His dedication is replicated in eateries throughout the region – like at Thyme & Co, in Ballycastle, also on the coastal route, where freshly prepared and flavoursome meals and snacks can be savour.

In Limavady, at the award-winning, yet unassuming, Lime Tree restaurant, Stanley and Maria Matthews, again, take pride in using fresh seasonal produce much of which is locally sourced and have created a reputation for classic dining with a good mix of fish, meat and vegetarian dishes in their repertoire.

This small town is also home to the Classic Wine Bar, with a Tardis-sized modern cocktail bar and courtyard restaurant disguised behind a fairly modest frontage and serving a fabulous fusion of dishes from around the world, including classic chorizo chicken, pan seared duck breast marinated Chinese style and Indian lamb brinjal.

In Belfast, No27 in Talbot Street is an award-winning contemporary brasserie-style eatery, which prides itself on using quality ingredients – such as Glenarm organic salmon – combined with creativity and superb cooking, Glenarm is the closest farmed salmon can be to its wild cousins, with the farms located in the exposed and energetic waters off the Antrim coast, where currents and tidal flows ensure vigorous exercise and firm muscle formation, making for top quality fish.

One of many fans of Glenarm salmon is chef Phillip Ford, who runs My Little Kitchen Cookery School in Graysteel, County Derry, with his wife Nuala.

With superb views overlooking the waters of Lough Foyle and across to the countryside of Donegal, it is an idyllic place to boost culinary skills, or celebrate a family or corporate event with one of a range of cookery classes from traditional to international cuisine - with farmhouse accommodation thrown in if a stopover is required.

With a two-year-old 4.7kg salmon, Phillip took our group of novice cooks step-by-step through the processes to create their own cordon bleu menu of savoury cornets with salmon and sweet red onion crème fraiche, followed by olive oil poached salmon with fennel and parsley salad and boxty potatoes, to enjoy for lunch, complemented with homemade soda bread and a bottle of Riesling – a delicious combination and definitely something to impress dinner guests with back home.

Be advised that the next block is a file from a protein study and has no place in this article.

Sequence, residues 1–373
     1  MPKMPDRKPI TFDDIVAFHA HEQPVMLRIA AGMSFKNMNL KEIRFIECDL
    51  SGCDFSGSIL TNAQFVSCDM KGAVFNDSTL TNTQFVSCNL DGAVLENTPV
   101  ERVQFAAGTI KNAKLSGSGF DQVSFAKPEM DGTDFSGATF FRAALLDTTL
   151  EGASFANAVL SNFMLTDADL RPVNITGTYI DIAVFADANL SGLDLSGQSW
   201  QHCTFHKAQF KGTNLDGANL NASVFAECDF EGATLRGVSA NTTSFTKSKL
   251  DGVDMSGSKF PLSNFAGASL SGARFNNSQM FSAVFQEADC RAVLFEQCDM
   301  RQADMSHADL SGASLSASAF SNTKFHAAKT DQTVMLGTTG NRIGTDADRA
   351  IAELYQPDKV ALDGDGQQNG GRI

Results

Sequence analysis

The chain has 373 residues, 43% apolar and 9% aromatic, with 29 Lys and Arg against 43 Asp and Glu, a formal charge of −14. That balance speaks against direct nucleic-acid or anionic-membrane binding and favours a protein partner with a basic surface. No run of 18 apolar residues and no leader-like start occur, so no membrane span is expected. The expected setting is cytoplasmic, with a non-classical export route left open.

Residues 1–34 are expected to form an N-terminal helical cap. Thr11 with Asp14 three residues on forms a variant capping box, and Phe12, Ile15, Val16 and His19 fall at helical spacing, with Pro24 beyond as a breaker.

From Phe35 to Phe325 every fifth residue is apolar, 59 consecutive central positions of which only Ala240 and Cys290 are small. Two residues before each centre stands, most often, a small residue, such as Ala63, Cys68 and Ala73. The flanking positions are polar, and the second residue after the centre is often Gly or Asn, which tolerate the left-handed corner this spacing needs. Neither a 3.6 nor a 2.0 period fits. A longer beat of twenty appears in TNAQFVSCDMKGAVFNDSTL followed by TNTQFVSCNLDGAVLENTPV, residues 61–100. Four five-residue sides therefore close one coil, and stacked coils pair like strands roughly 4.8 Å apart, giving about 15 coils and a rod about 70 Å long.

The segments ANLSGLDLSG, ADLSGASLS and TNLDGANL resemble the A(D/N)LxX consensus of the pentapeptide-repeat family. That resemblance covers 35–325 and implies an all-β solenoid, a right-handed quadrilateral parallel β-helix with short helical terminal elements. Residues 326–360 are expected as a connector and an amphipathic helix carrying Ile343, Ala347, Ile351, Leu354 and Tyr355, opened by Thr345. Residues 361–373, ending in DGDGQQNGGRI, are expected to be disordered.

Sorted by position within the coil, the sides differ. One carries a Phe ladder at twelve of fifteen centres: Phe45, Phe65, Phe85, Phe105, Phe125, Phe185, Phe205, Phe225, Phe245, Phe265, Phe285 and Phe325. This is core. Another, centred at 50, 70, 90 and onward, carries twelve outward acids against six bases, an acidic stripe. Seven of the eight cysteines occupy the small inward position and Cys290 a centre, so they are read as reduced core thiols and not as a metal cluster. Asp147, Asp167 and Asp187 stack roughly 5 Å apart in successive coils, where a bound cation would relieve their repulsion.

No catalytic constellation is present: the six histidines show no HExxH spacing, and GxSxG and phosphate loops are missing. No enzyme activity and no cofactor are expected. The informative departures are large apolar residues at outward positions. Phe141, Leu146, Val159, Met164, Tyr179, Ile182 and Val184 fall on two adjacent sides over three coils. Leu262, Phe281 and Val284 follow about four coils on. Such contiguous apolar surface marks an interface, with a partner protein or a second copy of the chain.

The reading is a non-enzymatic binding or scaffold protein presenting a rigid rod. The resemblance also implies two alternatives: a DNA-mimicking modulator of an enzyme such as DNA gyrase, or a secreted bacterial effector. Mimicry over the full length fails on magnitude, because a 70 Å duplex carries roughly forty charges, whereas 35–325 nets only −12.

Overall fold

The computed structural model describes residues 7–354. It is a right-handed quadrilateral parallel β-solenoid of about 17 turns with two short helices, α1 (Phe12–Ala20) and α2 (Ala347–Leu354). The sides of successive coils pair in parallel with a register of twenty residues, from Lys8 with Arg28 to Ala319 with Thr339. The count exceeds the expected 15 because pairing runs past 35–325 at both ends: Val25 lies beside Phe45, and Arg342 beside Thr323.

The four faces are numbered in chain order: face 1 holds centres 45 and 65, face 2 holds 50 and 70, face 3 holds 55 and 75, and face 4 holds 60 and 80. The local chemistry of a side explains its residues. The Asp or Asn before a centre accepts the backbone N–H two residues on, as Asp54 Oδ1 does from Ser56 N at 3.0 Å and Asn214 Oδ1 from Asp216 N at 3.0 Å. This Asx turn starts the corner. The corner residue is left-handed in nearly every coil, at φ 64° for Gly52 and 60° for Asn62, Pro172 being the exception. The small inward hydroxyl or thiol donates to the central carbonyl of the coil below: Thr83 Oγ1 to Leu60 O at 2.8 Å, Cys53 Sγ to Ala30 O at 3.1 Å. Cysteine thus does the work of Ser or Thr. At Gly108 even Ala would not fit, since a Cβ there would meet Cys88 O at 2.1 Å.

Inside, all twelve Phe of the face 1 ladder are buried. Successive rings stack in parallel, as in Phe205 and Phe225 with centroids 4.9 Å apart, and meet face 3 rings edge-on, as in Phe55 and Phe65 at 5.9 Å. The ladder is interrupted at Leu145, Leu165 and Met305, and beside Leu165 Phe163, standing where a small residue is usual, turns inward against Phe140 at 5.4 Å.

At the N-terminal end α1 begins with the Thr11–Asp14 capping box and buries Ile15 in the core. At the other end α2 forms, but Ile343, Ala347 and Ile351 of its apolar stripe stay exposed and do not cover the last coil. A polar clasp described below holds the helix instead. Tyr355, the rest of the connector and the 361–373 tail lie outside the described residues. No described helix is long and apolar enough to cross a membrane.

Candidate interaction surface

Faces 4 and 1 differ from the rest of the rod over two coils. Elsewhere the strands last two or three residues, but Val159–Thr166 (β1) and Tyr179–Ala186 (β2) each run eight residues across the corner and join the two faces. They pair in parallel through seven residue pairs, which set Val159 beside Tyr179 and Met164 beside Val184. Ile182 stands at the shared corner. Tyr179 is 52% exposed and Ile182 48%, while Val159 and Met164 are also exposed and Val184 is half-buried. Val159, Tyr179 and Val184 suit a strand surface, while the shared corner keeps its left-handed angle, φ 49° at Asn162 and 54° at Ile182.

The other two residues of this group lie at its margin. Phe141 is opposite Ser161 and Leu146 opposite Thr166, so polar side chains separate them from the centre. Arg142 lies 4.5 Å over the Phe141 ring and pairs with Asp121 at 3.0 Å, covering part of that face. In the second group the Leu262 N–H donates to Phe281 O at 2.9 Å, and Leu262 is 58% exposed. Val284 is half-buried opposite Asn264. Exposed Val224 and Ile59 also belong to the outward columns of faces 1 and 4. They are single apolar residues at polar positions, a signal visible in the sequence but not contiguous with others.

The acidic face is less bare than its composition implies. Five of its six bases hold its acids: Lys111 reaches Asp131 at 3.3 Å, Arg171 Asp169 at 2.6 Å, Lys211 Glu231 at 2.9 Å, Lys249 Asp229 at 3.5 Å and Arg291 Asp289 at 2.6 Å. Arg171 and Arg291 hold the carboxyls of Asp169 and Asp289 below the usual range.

Alongside a good, slow-pulled pint of Guinness, a visit to Northern Ireland would not be complete without a tot of Irish whiskey – and at the home of this iconic product, Bushmills distillery, County Antrim, visitors can watch it in the making and enjoy a wee taster as the secrets of 400 years of distilling are unlocked.

Along with stunning countryside and coast and friendly passionate people, the region offers a host of activities from watersports, to pony trekking, hang gliding to cycling, or you can take it easy and enjoy crashing waves and fine dining. Whatever you do, you will go away eager to return.

Fact box

Leading low cost airline, Bmibaby, offers daily flights to Belfast City Airport (just minutes from the city centre) from East Midlands Airport and Birmingham Airport and a frequent service from Stansted Airport. Flights depart up to 18 times per week with fares starting from just £19.99 one way including taxes. Bmibaby offers customers many benefits including allocated seating and online check in.

For further information or to book a flight visit, www.bmibaby.com Causeway Coast & Glens Tourism www.causewaycoastandglens.com 028 7032 7720